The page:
FARMINGTON - Fentanyl, a drug 50 to 100 times more potent than heroin, is driving up the number of accidental overdose deaths, according to figures released Thursday by the state’s chief medical examiner.
Connecticut saw a 25 percent jump in overdose deaths from 729 in 2015 to 917 in 2016, according to Medical Examiner Dr. James Gill. “Deaths involving fentanyl (479) increased by 155 percent and nearly surpassed the number of deaths involving heroin (504),” Gill said.
Gill announced the figures while giving testimony to the General Assembly’s Appropriations Committee Thursday. The increase in overdose deaths has in part taxed his office to the point where medical examiners are conducting more than 325 autopsies a year, he told the committee. Gill is asking the state for funding for two more examiners at a cost of $190,000 each to help reduce the workload. His office recently lost accreditation from the National Association of Medical Examiners due to staffing shortages created by state budget cuts.
Gill is expected to release more complete numbers related to accidental overdoses in 2016 today.
State officials said earlier in the week that the increase in the number of fatal overdoses doesn’t necessarily mean that more people are using opioids based on the number of people seeking treatment in 2016 which was down from 2015. Other factors including the potency of the opioid and the timeframe when someone uses also need to be considered, said a spokesperson for the state Department of Mental Health and Addiction Services. People are more likely to overdose on an opioid immediately after a period of sobriety.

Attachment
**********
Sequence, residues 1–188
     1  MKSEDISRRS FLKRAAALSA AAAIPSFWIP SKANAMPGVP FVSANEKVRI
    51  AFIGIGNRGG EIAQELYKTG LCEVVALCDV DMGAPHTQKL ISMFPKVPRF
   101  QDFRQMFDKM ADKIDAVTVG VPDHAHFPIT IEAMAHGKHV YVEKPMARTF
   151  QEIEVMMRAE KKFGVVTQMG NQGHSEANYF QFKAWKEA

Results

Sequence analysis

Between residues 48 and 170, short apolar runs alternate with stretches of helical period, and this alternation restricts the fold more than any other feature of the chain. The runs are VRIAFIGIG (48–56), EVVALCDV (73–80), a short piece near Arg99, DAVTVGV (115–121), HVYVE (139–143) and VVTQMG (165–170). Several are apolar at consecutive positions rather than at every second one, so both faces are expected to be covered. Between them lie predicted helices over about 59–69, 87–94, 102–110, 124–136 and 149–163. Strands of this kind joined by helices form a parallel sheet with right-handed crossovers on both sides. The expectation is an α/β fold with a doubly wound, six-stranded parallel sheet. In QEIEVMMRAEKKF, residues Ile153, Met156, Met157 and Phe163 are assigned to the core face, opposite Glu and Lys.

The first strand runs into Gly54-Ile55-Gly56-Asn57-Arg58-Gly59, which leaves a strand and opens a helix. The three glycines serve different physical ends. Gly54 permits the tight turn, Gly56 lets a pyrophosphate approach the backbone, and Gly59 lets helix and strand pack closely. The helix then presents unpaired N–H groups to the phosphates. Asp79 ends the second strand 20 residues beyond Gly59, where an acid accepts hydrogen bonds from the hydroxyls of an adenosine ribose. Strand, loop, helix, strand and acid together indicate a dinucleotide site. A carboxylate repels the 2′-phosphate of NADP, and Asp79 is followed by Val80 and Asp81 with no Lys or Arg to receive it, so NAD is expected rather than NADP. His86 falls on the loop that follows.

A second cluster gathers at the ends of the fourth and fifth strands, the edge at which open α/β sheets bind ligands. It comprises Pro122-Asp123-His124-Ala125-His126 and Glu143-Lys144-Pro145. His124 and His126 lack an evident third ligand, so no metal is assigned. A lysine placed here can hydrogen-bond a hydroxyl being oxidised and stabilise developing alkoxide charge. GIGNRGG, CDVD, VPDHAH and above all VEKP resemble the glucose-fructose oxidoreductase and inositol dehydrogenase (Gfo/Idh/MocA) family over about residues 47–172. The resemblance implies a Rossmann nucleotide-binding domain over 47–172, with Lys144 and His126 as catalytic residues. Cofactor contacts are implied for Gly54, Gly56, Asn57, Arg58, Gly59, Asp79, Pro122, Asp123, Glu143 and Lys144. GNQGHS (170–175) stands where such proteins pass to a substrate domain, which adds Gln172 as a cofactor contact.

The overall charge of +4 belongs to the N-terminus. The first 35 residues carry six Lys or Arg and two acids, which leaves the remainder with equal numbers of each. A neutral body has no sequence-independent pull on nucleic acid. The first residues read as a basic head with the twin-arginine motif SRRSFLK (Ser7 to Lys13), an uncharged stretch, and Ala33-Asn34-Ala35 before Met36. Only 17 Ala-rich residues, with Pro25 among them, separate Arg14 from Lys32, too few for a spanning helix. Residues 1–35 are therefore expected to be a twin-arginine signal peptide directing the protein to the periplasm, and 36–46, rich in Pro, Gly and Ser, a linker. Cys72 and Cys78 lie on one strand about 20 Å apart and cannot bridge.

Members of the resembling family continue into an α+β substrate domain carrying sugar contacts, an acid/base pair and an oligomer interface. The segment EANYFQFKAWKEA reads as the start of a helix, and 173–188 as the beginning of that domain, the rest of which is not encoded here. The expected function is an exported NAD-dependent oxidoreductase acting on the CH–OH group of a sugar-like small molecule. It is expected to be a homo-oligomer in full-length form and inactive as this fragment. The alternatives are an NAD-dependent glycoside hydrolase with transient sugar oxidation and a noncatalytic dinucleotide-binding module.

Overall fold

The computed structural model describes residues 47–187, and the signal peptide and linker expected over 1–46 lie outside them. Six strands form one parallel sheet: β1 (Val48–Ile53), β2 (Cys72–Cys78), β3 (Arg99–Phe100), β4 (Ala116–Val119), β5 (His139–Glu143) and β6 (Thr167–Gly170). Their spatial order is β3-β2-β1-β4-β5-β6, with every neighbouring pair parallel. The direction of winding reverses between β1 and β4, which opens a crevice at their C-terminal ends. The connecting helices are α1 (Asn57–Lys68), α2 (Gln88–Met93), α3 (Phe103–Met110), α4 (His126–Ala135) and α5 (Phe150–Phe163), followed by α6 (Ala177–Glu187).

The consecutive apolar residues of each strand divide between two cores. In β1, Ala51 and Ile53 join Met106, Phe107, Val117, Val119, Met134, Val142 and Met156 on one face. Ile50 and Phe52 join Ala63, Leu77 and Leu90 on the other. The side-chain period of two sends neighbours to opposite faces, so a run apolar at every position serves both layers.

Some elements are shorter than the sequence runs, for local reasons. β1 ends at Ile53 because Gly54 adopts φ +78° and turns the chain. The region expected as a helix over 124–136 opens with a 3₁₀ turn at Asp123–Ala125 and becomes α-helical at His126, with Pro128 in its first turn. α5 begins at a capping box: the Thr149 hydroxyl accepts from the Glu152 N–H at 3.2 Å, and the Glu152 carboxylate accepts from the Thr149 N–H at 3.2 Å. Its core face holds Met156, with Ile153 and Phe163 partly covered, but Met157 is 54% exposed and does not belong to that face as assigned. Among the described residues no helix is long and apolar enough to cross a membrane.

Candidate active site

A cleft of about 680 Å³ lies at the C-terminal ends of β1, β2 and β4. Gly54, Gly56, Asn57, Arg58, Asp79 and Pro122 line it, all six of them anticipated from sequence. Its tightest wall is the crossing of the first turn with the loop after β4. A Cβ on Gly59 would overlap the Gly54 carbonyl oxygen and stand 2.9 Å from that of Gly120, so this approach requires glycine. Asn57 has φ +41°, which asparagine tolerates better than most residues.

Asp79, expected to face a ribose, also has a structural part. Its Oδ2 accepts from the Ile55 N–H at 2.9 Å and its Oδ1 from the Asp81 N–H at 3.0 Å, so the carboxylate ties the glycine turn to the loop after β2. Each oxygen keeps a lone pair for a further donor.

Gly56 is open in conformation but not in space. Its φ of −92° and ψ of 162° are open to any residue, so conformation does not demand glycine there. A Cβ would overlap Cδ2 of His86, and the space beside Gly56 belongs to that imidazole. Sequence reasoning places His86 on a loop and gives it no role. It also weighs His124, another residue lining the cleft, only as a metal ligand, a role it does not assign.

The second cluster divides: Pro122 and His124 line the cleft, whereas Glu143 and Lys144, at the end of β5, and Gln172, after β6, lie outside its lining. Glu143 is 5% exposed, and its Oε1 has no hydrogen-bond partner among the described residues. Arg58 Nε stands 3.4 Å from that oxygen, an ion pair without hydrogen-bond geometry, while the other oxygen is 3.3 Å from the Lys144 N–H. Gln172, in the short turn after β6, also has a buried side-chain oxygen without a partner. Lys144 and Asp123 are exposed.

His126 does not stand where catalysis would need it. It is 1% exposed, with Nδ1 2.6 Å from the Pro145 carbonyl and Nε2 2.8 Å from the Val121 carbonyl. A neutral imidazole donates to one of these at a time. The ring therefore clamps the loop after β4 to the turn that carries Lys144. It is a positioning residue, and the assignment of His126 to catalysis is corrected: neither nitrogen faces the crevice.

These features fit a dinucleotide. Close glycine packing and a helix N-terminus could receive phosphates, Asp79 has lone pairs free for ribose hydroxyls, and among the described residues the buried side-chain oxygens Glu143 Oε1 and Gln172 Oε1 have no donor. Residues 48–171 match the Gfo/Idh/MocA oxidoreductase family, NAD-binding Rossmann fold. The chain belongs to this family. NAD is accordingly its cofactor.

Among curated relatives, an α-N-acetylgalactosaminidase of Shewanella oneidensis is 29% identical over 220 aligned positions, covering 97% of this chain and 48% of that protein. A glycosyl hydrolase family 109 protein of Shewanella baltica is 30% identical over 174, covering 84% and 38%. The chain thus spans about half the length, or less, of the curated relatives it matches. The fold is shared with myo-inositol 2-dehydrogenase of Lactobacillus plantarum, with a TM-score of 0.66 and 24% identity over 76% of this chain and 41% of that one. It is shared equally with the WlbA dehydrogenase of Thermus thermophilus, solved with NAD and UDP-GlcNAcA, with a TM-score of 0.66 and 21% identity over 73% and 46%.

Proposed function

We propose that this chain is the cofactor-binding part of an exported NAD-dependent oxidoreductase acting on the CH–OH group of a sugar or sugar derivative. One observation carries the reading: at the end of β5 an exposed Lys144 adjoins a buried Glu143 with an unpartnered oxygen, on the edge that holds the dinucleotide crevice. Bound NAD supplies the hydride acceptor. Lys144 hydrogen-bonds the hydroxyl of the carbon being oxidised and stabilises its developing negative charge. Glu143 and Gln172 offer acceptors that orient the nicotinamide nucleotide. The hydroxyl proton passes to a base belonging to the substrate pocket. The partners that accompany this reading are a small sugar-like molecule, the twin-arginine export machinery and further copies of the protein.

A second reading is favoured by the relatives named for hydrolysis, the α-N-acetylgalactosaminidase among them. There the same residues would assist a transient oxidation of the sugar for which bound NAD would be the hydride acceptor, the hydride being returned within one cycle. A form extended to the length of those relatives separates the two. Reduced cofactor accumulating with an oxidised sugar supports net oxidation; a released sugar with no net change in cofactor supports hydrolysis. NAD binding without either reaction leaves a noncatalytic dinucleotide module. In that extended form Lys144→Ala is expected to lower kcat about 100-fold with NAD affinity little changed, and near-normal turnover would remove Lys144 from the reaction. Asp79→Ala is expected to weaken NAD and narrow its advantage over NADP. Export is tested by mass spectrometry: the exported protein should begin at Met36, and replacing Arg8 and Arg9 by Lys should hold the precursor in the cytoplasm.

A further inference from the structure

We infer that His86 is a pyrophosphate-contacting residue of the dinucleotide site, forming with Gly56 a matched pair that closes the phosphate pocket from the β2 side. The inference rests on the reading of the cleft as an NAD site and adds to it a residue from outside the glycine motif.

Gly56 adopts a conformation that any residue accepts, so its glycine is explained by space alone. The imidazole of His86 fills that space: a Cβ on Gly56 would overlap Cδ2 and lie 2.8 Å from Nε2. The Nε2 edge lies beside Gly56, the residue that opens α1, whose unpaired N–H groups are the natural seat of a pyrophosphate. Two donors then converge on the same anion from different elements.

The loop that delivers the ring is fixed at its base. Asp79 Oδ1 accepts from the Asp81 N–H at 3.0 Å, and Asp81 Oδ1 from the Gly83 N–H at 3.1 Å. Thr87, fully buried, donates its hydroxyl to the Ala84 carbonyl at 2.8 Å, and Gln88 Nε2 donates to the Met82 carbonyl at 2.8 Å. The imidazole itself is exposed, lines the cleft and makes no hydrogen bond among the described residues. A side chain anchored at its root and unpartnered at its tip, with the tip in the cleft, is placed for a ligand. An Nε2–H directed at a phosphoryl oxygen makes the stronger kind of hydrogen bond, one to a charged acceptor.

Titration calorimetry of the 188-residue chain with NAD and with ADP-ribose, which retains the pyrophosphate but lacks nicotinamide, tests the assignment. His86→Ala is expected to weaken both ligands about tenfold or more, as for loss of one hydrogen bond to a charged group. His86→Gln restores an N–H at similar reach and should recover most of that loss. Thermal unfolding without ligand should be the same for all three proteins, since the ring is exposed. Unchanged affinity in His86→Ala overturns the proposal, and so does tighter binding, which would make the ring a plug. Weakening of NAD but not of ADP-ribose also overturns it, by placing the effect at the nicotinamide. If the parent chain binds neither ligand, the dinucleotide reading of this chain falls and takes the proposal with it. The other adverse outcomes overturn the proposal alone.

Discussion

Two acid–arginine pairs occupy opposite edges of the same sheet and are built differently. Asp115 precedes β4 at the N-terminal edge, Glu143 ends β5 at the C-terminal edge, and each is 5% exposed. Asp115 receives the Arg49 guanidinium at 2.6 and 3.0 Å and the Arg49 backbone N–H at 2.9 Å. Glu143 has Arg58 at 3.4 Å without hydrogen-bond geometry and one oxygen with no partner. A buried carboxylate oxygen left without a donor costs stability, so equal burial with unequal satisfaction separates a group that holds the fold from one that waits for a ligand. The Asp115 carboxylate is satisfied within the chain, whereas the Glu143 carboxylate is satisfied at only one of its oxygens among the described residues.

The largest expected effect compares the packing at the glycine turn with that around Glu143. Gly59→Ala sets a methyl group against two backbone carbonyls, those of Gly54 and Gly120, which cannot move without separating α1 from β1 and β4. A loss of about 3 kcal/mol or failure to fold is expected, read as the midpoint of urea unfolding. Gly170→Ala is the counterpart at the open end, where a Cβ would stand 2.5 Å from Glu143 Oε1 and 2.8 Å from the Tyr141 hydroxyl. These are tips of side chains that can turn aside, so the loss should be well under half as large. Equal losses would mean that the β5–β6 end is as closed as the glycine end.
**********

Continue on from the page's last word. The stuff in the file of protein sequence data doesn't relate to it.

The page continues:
Gill said Thursday that it “seems that fentanyl is the main driver of the increase in these (the 2016) deaths. For example, we also have seen an increase in cocaine deaths but about half of these cocaine deaths also have fentanyl in their system.”
Area emergency responders are reporting an increase in overdoses. Bristol police attributed 23 deaths in 2016 to heroin or fentanyl or a combination of both.
New Britain EMS administered Naxolone, a drug that can reverse an opioid overdose, 148 times from May to December, said director Bruce Baxter. New Britain EMS administered Naxolone 138 times in the entire fiscal year that ran from April 30, 2015 to May 1, 2016, Baxter said. New Britain EMS does not track opioid deaths.
Lisa Backus can be reached at 860-801-5066 or Lbackus@newbritainherald.com.